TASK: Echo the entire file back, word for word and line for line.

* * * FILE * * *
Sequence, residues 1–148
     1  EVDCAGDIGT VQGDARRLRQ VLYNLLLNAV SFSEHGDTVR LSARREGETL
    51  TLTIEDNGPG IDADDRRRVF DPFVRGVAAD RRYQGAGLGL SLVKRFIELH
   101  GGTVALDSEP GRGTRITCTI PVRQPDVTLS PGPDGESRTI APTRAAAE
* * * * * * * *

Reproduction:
Sequence, residues 1–148
     1  EVDCAGDIGT VQGDARRLRQ VLYNLLLNAV SFSEHGDTVR LSARREGETL
    51  TLTIEDNGPG IDADDRRRVF DPFVRGVAAD RRYQGAGLGL SLVKRFIELH
   101  GGTVALDSEP GRGTRITCTI PVRQPDVTLS PGPDGESRTI APTRAAAE